What is a Lake? 5 Features that Define a Lake

Ohio lake
© IanSkylake17/Shutterstock.com

Written by Taiwo Victor

Updated: May 25, 2022

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The Earth is a magnificent ball of incredible, intriguing, and interesting masses of land and water wonders. From mountains to seas, oceans, rainforests, gulfs, and others, more terms belong to different types of bodies of water. One of the most common yet undeniably breathtaking freshwater habitats in the world is the lake. For many, lakes might seem like a typical fresh body of water, the same as rivers and streams. Yet, they are marvelous in their own ways and have features and characteristics that are pretty different and unique compared to other bodies of water. Many people may be wondering what attributes define a lake, but to figure that out, we must first break down what a lake is. This article will explore all the unique hallmarks that make a lake stand out from other marine habitats and what animals might be residing in such freshwater ecosystems.

What is a Lake?

A lake is a large body of water surrounded by land.


Lakes are bodies of water surrounded by masses of land. Unlike rivers that flow from a water source called a headwater and end up in seas, lakes are standing or slow-moving and do not have fast-moving currents. It may come as a surprise, but there are millions of lakes globally, and most of them create a magnificent view surrounded by mountain ranges or desert plains. You can find lakes on every continent in the world. They are everywhere, from seashores, plains, deserts, and mountainous terrain. Lakes have no fixed definition, and there is no single way to explain them. Yet, they have a list of significant features that can help quickly identify and differentiate them from other bodies of water.

Not all lakes share the same size or depth. Some lakes can be so large you might not even see the other side of the land, while there are lakes that are smaller compared to others. Other small lakes are called ponds, which don’t have much difference from lakes, other than being relatively smaller. Lake Baikal in Russia currently holds the title as the world’s deepest lake, measuring about 5,387 feet or 1.64 kilometers deep. North America’s Great Lakes, including Lake Ontario, Lake Huron, Lake Erie, Lake Superior, and Lake Michigan, measure up to 1,332 feet deep and extend from 193 to 350 miles. Although lakes vary in length, diameter, and depth, they all share the same unique characteristics that set them apart from other bodies of water. 

The 5 Key Features that Define a Lake

From space, it is easy to see that the Earth’s composition is two-thirds water. The world is 71% water, and 96.5% of that is made up of oceans. So what about the remaining 3.5% of all the world’s waters? These remaining bodies of water are distributed into various freshwater habitats such as rivers, streams, ponds, wetlands, and lakes. Here, a whole different ecosystem lives. Only about 1.2% of the Earth’s waters can be used as drinking water. The rest are locked up in ice caps, permafrost, or glaciers, while some freshwater are buried underground. There are two types of aquatic biomes in the world – the marine biome and the freshwater biome. All marine biomes have high saltwater content, such as the seas and oceans. Freshwater biomes do not entirely mean they are free of salt, but they have less or low salt content levels than oceanic masses. It is classified into three main types: lakes, rivers, and wetlands. So what attributes help distinguish a lake?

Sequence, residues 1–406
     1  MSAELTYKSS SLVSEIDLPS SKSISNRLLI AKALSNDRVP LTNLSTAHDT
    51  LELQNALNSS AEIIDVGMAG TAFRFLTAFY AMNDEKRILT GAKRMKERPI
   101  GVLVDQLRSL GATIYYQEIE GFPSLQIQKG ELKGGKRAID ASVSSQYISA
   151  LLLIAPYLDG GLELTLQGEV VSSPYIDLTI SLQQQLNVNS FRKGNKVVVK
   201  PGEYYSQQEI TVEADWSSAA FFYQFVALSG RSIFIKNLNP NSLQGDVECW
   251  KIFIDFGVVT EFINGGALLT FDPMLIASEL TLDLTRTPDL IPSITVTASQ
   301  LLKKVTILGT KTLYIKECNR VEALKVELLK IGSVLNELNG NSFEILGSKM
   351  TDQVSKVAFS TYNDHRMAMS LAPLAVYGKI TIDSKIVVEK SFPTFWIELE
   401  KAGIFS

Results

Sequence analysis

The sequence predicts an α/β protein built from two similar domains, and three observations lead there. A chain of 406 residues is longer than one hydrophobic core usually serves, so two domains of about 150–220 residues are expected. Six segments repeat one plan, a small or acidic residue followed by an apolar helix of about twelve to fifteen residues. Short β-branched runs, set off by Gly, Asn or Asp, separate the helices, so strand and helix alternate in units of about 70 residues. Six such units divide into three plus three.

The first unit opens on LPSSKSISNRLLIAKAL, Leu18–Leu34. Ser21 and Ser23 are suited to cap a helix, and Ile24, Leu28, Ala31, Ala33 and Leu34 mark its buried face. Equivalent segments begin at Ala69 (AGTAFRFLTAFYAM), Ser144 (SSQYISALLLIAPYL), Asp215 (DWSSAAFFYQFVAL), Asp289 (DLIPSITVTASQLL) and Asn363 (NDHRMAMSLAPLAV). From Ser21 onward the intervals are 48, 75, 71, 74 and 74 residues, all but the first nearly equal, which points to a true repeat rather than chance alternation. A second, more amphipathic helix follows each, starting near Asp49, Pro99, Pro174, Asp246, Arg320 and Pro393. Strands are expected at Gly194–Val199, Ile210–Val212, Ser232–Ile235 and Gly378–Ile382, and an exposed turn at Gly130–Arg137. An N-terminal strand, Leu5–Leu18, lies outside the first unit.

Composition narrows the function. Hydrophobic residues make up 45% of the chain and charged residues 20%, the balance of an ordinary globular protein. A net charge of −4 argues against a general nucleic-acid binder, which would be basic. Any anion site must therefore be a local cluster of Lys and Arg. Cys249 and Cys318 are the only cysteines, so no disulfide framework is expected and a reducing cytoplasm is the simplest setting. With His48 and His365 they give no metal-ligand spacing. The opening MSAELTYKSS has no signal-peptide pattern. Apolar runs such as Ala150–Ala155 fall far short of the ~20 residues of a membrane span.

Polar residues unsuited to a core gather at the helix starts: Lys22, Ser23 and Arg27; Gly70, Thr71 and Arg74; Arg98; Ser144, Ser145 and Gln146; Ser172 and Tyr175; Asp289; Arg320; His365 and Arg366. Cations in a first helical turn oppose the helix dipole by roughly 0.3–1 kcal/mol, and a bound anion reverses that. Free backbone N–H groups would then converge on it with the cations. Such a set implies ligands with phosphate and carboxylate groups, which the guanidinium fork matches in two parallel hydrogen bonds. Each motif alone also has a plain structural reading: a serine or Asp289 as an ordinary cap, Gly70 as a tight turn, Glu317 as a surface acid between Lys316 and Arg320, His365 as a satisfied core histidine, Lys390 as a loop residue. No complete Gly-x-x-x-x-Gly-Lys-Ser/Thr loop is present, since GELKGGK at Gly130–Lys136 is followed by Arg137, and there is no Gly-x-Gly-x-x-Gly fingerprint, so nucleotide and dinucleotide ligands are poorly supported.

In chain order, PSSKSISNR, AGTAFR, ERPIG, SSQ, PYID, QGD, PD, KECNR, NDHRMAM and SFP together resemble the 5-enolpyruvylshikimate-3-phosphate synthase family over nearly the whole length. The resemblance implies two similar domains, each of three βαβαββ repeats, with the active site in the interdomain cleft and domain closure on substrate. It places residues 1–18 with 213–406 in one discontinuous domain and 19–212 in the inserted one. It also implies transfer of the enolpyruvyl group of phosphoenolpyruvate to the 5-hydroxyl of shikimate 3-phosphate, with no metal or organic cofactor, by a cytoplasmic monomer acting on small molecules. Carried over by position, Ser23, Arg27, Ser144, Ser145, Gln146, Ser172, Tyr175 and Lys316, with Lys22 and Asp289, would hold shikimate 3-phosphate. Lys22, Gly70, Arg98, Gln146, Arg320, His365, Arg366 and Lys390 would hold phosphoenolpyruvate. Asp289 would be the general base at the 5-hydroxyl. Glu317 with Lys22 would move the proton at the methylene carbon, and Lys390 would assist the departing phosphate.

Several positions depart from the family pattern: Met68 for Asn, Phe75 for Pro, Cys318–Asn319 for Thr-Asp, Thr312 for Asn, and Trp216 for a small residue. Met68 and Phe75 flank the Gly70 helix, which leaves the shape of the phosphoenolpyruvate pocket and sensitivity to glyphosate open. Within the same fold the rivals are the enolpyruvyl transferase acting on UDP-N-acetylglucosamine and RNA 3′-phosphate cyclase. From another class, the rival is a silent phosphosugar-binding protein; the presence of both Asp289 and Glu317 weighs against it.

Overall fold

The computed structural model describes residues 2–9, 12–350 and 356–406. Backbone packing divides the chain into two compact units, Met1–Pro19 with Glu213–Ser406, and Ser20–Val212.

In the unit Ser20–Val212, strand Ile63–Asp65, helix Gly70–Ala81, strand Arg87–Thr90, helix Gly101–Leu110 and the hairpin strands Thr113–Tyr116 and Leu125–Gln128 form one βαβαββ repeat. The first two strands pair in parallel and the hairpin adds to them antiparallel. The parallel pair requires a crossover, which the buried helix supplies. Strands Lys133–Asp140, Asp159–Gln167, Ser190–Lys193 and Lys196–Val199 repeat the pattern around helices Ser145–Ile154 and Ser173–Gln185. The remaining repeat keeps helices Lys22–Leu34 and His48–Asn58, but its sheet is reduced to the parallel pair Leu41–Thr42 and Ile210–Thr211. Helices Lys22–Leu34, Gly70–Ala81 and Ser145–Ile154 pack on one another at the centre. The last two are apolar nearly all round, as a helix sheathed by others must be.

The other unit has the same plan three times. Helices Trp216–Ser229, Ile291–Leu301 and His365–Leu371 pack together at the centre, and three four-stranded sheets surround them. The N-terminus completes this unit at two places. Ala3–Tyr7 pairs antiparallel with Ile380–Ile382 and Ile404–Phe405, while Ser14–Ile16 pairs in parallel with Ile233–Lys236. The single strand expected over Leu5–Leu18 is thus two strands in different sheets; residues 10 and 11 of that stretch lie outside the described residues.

1. Lakes are inland depressions filled with water

All lakes are water-filled depressions on the surface of the earth.


First things first, let’s talk about how lakes are formed. All lakes are water-filled depressions on the surface of the earth called basins. These basins are formed in multiple ways, such as glacial imprints left through moving glaciers, abandoned parts of rivers, volcanic craters, and more. But the most common way is through changes in plate tectonics. When the Earth’s crust moves and creates faults, these faults form natural basins or land depressions that are filled with water over time through rainfall or flowing streams. Lakes are characterized by an inland basin filled with water or surrounded and enclosed by land. Since they are confined to landmass, they do not flow like rivers and streams.

There are, however, open lakes where the water eventually flows to the sea. Most lakes have outlets below or above the water surface, where water is lost through the surface or underground. On the other hand, closed lakes only lose water through evaporation.

2. Lakes are standing, slow-moving bodies of water

Lakes are characterized by standing, slow-moving waters.